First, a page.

This was inspired originally by a genuine, if unorthodox experiment carried out in a Californian high-school during the sixties. As a teaching tool, Ron Jones created a "social movement", The Wave, for his class, complete with uniforms, strict discipline and so forth. It ended up becoming a monster, that grew out of control and ended up having to be stopped: the story became a fairly well-known TV drama in 1981, but this version transplants it to Germany. Of course, the past there gives the concept of a crypto-fascist movement additional wallop, and the trigger here is the belief of some students that the Third Reich could never happen these days. While some students blossom under the new regime, of course, it's not long before others are discriminating against non-members, intimidating people into joining, and engaging in other, even less desireable conduct. And that, people, is why we can't have nice things. Like trains that run on time...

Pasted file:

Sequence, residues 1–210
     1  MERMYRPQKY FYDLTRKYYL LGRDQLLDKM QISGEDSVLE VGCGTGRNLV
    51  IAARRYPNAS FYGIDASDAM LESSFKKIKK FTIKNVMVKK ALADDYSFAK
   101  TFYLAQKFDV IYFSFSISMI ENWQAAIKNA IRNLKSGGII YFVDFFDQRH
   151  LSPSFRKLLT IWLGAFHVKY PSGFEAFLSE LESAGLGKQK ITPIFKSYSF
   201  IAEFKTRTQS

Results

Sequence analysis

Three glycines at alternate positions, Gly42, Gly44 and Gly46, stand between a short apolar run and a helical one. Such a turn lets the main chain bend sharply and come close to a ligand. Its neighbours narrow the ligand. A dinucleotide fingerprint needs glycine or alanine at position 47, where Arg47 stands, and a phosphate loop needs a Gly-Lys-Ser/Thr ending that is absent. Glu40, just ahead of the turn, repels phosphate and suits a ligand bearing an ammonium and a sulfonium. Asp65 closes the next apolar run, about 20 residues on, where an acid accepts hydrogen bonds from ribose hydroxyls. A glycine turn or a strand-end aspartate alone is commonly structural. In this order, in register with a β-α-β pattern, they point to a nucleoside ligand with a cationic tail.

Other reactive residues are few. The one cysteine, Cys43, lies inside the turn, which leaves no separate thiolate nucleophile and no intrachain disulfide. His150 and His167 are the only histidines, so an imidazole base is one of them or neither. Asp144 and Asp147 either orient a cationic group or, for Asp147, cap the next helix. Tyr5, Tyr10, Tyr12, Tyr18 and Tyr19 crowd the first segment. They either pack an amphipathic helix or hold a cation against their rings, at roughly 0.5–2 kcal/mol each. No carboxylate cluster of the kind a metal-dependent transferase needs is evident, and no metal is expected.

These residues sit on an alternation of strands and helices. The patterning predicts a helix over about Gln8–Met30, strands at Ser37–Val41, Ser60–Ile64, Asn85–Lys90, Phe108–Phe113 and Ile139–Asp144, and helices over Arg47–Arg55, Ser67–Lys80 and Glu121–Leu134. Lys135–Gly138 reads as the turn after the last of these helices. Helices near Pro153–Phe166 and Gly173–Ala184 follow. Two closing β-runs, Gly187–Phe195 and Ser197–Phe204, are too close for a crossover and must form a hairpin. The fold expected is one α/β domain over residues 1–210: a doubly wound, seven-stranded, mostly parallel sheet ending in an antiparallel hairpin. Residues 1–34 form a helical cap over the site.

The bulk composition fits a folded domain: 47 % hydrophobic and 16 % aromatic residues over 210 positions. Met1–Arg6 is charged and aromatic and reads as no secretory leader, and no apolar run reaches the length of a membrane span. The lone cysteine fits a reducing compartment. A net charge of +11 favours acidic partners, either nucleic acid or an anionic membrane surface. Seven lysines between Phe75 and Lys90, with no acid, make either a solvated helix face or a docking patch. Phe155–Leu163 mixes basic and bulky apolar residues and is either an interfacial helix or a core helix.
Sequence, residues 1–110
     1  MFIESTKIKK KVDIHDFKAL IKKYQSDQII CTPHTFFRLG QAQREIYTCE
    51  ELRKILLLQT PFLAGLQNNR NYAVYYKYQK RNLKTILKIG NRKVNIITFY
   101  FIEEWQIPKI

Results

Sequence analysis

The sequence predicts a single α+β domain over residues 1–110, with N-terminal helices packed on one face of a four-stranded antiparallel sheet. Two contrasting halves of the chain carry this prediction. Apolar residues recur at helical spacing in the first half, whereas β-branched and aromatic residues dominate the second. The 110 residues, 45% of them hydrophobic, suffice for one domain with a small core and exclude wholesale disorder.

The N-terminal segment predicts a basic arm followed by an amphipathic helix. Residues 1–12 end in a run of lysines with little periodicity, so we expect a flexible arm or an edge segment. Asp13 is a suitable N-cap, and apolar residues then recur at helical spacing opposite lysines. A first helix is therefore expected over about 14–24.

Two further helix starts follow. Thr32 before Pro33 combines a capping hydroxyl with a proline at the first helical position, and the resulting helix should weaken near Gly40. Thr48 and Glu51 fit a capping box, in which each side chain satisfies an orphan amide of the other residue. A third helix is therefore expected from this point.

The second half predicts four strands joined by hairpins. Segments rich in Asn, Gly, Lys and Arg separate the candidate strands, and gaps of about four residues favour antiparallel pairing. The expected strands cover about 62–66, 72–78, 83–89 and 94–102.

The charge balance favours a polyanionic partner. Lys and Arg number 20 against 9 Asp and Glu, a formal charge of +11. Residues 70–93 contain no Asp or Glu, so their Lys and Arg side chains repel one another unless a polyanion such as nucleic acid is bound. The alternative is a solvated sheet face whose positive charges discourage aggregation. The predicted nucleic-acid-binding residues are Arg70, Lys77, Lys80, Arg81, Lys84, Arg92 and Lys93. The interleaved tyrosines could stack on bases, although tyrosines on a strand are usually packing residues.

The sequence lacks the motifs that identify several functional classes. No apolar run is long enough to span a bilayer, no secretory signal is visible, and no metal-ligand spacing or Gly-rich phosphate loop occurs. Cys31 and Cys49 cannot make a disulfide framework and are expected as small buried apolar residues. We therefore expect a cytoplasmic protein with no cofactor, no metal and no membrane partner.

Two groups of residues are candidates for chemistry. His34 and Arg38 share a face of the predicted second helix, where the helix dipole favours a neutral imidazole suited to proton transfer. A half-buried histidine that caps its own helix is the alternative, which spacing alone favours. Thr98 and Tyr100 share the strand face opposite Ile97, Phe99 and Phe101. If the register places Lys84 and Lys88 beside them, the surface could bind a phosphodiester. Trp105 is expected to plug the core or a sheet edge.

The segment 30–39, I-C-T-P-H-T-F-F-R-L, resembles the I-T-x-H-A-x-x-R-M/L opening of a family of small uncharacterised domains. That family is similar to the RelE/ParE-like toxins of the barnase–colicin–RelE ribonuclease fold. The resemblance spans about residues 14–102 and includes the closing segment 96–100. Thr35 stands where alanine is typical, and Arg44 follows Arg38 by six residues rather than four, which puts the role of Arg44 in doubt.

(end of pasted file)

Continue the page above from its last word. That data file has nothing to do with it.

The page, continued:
Initially, there are some interesting playing with stereotypes here: the character heading for school, blaring on the stereo turns out to be the teacher. And the film does a nice job of putting over the appeal of The Wave, giving a sense of belonging to an increasingly-fractured generation (something just as true now, as it was for the original, albeit in different ways). However, it's a film which is better at climbing the mountain than coming down the other side. The further it goes on, the more stereotypical it becomes and by the end, it pretty much has to resort to a main argument against The Wave of. "'cos fascism, m'kay?" More critical viewers will be left feeling short-changed by this lack of intellectual effort, and cynical ones may choose to regard the climax as less a tragic culmination than a well-deserved thinning of the herd. If there's a message that is taken away from here, it's not perhaps quite the one which the film-maker intended to say.